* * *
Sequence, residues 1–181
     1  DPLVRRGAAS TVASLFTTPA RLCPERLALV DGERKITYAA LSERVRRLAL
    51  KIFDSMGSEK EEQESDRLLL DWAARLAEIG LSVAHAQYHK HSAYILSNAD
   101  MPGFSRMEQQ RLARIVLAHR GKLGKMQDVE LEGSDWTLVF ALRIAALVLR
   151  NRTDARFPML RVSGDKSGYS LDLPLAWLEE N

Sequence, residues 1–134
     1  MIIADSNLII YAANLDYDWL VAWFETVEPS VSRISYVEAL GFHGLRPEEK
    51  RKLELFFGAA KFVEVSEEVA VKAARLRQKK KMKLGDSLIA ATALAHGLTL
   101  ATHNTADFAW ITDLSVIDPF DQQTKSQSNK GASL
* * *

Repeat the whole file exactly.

Sequence, residues 1–181
     1  DPLVRRGAAS TVASLFTTPA RLCPERLALV DGERKITYAA LSERVRRLAL
    51  KIFDSMGSEK EEQESDRLLL DWAARLAEIG LSVAHAQYHK HSAYILSNAD
   101  MPGFSRMEQQ RLARIVLAHR GKLGKMQDVE LEGSDWTLVF ALRIAALVLR
   151  NRTDARFPML RVSGDKSGYS LDLPLAWLEE N

Sequence, residues 1–134
     1  MIIADSNLII YAANLDYDWL VAWFETVEPS VSRISYVEAL GFHGLRPEEK
    51  RKLELFFGAA KFVEVSEEVA VKAARLRQKK KMKLGDSLIA ATALAHGLTL
   101  ATHNTADFAW ITDLSVIDPF DQQTKSQSNK GASL